What is ERCP?

ERCP stands for Endoscopic Retrograde CholangioPancreatography and is a procedure for examining and diagnosing problems and/or conditions that may be affecting the bile ducts and the pancreas.

What is the pancreas?

The pancreas (the word is derived from the ancient Greek for 'all flesh') is an organ of the body situated in the abdomen behind the stomach which helps the body convert food into fuel. It has two main functions - the first is to produce hormones (like insulin) which regulate the amount of sugar in the blood (the endocrine function) and the second is to help in the digestion of food by producing pancreatic juices (the exocrine function).

What are bile ducts?

Bile, which helps in the digestion of food, is produced in the liver and is carried to the gallbladder and from there into the intestine. The network of these ducts is referred to as the 'biliary tree'. The medical term for anything related to bile ducts is 'cholangio'.

What conditions can affect the pancreas and bile ducts?

Blockages of the pancreatic ducts and bile ducts may be caused by gallstones, strictures (narrowing of tubes in the body, often cause by scarring), perforations in the ducts (possibly caused by trauma or by prior surgery), or cancer, either cancer of the pancreas itself (pancreatic cancer) or cancer of the bile ducts (cholangiocarcinoma).

How does ERCP work?

Using a modified type of endoscope inserted via the mouth, the gastroenterologist navigates down through the oesophagus and the stomach into the duodenum and then inserts a 'cannula' (a small plastic tube, also known as a 'catheter') into the opening of the bile duct. Special dye is injected into the duct and a special type of x-ray (called fluoroscopy) enable the gastroenterologist to see on a TV monitor if anything is blocking the ducts.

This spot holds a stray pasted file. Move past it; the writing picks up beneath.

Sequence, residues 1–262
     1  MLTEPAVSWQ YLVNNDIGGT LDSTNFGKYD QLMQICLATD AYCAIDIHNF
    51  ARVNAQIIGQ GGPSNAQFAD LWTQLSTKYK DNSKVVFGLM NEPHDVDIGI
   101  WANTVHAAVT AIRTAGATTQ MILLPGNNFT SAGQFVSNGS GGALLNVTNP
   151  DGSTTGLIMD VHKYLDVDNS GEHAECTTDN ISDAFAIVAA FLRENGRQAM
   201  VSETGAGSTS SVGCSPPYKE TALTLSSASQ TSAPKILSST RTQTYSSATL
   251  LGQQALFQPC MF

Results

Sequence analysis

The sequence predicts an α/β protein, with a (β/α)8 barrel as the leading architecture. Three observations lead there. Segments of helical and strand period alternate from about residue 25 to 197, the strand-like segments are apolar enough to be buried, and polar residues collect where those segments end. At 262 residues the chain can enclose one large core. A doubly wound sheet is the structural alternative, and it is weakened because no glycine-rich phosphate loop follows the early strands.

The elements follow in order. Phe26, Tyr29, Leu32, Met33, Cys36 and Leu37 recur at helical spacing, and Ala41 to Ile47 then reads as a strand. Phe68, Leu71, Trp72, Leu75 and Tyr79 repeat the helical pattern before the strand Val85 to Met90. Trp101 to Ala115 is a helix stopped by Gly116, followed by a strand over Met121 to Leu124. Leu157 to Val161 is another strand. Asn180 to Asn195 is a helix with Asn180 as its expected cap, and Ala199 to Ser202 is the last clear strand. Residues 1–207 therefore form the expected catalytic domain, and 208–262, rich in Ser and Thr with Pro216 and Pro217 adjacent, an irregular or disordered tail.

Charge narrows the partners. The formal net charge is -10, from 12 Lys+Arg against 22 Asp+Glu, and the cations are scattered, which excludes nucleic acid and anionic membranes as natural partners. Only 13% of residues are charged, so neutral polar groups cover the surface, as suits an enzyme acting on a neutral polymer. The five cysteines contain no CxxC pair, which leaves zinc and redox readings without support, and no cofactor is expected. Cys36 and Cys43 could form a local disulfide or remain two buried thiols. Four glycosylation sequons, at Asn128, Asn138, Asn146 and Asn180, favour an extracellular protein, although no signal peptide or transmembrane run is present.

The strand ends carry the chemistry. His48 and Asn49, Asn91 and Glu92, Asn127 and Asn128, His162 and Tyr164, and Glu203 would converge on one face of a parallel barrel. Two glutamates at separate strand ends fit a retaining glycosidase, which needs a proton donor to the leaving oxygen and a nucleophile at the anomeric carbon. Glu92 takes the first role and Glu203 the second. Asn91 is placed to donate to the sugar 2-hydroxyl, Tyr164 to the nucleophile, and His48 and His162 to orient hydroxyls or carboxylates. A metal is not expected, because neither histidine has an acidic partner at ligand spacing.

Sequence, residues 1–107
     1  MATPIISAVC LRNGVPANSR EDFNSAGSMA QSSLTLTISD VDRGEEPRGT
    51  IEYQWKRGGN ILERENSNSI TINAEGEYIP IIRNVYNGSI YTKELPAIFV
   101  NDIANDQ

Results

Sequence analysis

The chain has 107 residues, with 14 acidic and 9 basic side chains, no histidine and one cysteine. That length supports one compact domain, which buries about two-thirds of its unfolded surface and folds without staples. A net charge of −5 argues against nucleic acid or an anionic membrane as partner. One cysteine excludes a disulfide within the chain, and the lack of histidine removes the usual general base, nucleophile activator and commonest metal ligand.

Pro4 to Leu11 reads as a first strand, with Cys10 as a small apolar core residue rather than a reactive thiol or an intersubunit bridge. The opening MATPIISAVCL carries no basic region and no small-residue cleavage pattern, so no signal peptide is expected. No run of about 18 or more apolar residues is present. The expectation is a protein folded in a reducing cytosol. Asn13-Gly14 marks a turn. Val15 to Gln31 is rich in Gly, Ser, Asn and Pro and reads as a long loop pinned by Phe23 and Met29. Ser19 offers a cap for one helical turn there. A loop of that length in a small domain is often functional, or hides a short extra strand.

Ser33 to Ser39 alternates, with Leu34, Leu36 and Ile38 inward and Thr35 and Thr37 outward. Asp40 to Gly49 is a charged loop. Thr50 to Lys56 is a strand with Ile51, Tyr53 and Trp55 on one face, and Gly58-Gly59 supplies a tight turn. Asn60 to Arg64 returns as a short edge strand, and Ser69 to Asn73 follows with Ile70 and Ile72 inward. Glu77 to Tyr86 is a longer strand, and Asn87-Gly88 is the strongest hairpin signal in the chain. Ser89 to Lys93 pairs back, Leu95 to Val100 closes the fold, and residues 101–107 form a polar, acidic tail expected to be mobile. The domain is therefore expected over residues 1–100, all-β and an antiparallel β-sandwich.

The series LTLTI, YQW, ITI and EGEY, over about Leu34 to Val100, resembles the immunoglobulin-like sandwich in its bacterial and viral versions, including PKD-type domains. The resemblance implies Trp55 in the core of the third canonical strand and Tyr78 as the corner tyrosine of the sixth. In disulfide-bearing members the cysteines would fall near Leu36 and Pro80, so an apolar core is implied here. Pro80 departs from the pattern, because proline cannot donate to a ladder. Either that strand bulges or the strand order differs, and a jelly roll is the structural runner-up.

Much like a conventional endoscope, an ERCP endoscopy is able to perform some minor surgical procedures, such as gallstone removal, placement of stents (small propping devices) to keep ducts open and tissue removal for biopsies.

What is involved in an ERCP procedure?

ERCPs are carried out in the endoscopy unit. It would normally takes around 45 minutes. Patients are given an anaesthetic before the endoscope is introduced via the mouth. X-ray images are seen in real time by the gastroenterologist and also recorded for later analysis.

What preparation is needed before an ERCP?

You will need to fast (ie not eat or drink anything) for up to 4 hours before the procedure. You will also need to inform the doctors of any pre-existing medical conditions or any medications you may be taking. Your doctor will discuss with you the risks associated with the procedure .